PROVO — In his “state of the program” remarks last week on BYUtv, BYU athletic director Tom Holmoe said the school would seek a waiver from the NCAA to begin football workouts and team meetings with coaches this week even though the Cougars currently don’t have a game scheduled until Oct. 2 against Utah State.
That waiver to which Holmoe alluded has been granted, and on Monday BYU players transitioned from the voluntary workouts they have been participating in since June 1 to required athletically related activities with coaches, football spokesperson Brett Pyne confirmed. Offensive line coach Eric Mateos shared the good news last Friday with a tweet about football being back.
“Yes, the NCAA provided a waiver for teams to conduct required workouts and start preseason camps based on the dates of originally scheduled games,” Pyne said.
Playing OL is about ripping your opponent’s soul out and planting him into the beautiful soil of planet earth. The strength of the OL UNIT is the ultimate gang of the entire United States. God Bless the OL of America. Especially those that rep the Y. FOOTBALL IS BACK MONDAY!! pic.twitter.com/oPcNGRd0ib— Eric Mateos (@CoachMateos) July 26, 2020
Pyne said BYU “anticipates” that fall camp will begin next week with the first practice on Aug. 4. Media interviews with players and coaches will be conducted via Zoom.
Monday morning, defensive backs coaches Preston Hadley and Jernaro Gilford posted a video of them riding their bicycles to the first meeting of the entire team since spring practices were called off on March 12 when the pandemic hit.
“We don’t know if it has been officially confirmed who we are playing (first), but we are going to be ready, and whoever it is, we want all the smoke,” Hadley said.
BYU’s first four games, all scheduled for September, were canceled when the Big Ten and Pac-12 conferences decided they would only play conference games in 2020 due to the coronavirus pandemic. A fifth game, against Stanford on Nov. 28, is also off the table for the same reason.
Speculation continues to swirl that BYU’s first opponent will be Alabama, perhaps on Sept. 5 in Tuscaloosa. A source close to the Alabama program told the Deseret News on Friday that if the Southeastern Conference decides it is going to play a full slate of games, or even a conference-games-plus-one model, the BYU-Alabama game is a go.
“I have had a lot of conversations with a number of people,” Holmoe said last week, noting that “it would be nice” to replace Power Five conference teams on the schedule with other Power Five teams, “but it might not be realistic.”
Those possibilities have created a sense of urgency in Provo, which is why BYU officials joined many others in pushing for the waiver to begin what the NCAA calls “countable athletically related activities.”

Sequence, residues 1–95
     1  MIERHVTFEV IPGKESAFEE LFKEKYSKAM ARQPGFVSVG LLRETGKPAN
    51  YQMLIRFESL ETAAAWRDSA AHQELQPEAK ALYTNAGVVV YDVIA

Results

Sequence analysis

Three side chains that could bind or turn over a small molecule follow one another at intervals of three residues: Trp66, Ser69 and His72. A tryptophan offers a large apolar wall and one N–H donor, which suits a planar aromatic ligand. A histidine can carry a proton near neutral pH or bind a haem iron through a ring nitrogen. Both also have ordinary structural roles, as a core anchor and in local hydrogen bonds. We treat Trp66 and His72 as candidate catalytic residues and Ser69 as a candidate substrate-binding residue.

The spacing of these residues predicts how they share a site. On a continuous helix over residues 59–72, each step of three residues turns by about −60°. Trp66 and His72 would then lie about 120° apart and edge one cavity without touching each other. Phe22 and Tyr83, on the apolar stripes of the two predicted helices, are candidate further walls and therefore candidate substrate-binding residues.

On June 11, the NCAA’s Division I Football Oversight Committee finalized the proposed preseason model in answer to the pandemic shutting down the majority of most schools’ spring practices with an eye toward players being ready physically when fall camps begin.
From last Friday through Aug. 6 (for teams with games scheduled on Sept. 5) players are required to participate in up to 20 hours of activities per week, but not more than four hours per day. Up to eight hours per week can be used for weight training and conditioning. Up to six hours per week can be used for walk-throughs, which may include the use of a football. The other six hours can be used for film review, team meetings, position meetings and the like.
“Given the impact of COVID-19, we believe this model provides institutions and their student-athletes flexibility to prepare for the upcoming season,” said West Virginia AD Shane Lyons.
Players are not allowed to wear helmets or pads during the walk-throughs. When preseason training camp opens, they have to go through the usual acclimation periods before donning pads and participating in contact and hitting drills.
Bottom line is that although there’s still a lot of doubt regarding whether a college football season will take place this fall, BYU officials and coaches are moving forward in hopes that they can still play at least 10 games.
“It is such a moving picture,” Holmoe said. “Every day is a new day. You just have to stay with it, keep your focus, keep your wits, and at the end of the day when they say we are playing, have a schedule.”
Even if it starts with mighty Alabama.
Anybody. Literally anybody. We’ll play whoever wants that smoke.— Khyiris Tonga (@khyiristonga) July 16, 2020